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First, some truth: hush is not an edge-of-your-seat thriller. In terms of action, well, there's just not a lot. Most of the book is an internal monologue from the protagonist, Toswiah Green, as she comes to accept her family's changed situation and her new identity, Evie Thomas.
Here's the deal. Toswiah lives with her Mama, Daddy, and older sister, Cameron, in Denver, Colorado, where her father is a cop. Toswiah's family is black, while most of Denver is white.
One day, Toswiah's father sees two white cops gun down an unarmed black teenager, and he decides that testifying against them is the right thing to do, even though it means his family will have to enter witness protection, leaving behind everything they've ever known: their names, their identities, their house and car and stuff—even Toswiah's grandma and pet, Matt Cat.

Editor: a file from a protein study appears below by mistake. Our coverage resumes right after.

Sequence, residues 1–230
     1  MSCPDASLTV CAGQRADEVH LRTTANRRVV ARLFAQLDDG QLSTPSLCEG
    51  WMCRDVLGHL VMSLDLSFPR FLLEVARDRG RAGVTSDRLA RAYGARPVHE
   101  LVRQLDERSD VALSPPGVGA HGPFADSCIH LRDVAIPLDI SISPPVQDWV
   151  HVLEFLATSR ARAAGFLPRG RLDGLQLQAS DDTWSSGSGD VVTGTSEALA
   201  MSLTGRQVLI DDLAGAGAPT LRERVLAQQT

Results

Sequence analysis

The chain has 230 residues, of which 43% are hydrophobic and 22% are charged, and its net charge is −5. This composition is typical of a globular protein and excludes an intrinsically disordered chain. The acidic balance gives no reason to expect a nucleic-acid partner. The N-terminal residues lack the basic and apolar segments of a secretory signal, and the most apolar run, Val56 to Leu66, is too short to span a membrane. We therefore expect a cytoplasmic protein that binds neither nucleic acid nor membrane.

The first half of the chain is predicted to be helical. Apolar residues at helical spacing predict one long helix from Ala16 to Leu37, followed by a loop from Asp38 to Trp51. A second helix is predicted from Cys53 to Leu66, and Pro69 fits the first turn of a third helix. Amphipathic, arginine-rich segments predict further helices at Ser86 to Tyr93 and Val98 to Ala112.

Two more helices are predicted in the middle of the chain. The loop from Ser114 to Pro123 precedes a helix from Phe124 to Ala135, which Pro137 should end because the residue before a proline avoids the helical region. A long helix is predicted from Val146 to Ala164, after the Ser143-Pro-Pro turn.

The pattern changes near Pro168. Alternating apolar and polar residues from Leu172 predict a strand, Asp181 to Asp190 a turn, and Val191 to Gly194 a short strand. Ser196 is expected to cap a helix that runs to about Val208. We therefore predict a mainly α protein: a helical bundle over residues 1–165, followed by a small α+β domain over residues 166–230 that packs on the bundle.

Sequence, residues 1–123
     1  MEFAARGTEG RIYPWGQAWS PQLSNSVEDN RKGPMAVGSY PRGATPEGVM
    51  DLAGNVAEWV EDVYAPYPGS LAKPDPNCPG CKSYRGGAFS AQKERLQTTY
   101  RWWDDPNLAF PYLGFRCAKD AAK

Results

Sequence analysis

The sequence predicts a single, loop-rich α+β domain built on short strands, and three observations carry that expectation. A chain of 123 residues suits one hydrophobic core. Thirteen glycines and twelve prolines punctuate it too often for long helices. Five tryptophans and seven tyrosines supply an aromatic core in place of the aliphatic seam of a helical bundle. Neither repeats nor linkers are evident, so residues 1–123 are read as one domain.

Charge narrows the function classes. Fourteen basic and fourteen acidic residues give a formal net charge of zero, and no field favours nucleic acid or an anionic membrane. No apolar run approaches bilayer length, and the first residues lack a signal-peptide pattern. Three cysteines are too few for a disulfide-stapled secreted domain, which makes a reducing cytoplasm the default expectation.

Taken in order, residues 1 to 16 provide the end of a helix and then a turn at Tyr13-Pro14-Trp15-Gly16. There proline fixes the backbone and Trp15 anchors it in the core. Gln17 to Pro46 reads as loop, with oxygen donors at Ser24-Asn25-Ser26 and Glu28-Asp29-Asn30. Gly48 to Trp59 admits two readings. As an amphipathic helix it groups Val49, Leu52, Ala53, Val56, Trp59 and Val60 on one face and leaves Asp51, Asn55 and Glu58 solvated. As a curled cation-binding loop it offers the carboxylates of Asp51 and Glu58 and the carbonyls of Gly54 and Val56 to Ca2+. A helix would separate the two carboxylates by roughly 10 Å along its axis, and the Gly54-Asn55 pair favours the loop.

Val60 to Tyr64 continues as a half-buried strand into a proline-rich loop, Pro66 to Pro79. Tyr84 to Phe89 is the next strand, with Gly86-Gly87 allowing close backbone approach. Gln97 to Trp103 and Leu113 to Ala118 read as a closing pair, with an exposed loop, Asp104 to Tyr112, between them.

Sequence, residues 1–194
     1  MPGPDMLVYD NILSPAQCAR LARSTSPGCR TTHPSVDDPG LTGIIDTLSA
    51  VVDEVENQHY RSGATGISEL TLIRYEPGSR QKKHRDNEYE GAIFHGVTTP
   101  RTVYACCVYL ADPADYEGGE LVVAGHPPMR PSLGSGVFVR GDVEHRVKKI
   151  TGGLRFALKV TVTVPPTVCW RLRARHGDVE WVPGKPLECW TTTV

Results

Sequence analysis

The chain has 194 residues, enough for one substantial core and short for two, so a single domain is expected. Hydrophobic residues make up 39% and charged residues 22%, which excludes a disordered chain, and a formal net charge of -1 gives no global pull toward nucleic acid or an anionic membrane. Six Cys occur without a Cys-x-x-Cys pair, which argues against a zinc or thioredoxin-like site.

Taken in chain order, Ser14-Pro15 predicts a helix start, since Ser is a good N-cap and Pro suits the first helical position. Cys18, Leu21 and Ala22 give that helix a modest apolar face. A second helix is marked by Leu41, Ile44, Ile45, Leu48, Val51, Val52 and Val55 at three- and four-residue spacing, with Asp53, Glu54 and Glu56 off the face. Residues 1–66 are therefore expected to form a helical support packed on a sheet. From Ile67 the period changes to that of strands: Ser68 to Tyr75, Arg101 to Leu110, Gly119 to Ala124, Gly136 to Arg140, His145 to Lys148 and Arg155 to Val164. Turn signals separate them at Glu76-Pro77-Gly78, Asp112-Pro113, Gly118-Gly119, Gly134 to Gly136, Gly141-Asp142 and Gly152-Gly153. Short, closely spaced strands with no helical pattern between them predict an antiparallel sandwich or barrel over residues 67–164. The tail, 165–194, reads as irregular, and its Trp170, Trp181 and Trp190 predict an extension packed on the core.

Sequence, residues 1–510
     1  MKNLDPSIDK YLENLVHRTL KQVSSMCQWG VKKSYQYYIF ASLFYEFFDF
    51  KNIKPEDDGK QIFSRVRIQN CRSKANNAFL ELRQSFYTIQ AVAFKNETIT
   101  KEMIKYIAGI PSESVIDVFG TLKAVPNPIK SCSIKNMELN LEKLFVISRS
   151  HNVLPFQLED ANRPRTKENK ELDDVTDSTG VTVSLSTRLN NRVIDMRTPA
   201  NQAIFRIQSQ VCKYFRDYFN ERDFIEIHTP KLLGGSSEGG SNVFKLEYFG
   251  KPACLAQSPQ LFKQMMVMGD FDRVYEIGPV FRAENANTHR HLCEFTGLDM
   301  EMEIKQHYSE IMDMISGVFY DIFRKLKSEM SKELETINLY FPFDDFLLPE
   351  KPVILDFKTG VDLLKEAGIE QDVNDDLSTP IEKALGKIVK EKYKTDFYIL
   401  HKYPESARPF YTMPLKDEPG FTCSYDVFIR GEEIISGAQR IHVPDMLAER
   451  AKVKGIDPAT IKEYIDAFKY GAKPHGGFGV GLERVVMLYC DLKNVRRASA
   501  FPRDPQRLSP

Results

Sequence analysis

When the novel opens, the move to a new town somewhere in the Northeast has already happened, and Toswiah (now Evie) and her family are learning to deal with it. Toswiah/Evie switches between what is happening in real time and memories of her life in Denver.
Each family member handles the identity crisis in a different way. Mama turns to religion, while Toswiah/Evie finds running; Cameron, now called Anna, devotes herself to her schoolwork so she can go to college early and get out of the situation. Daddy sits by a window all day, just staring out.
The crisis comes—but the also healing begins—with Daddy's unsuccessful suicide attempt. Toswiah/Evie begins to forgive her father, and he begins to return to himself as they appreciate what they almost lost: each other.
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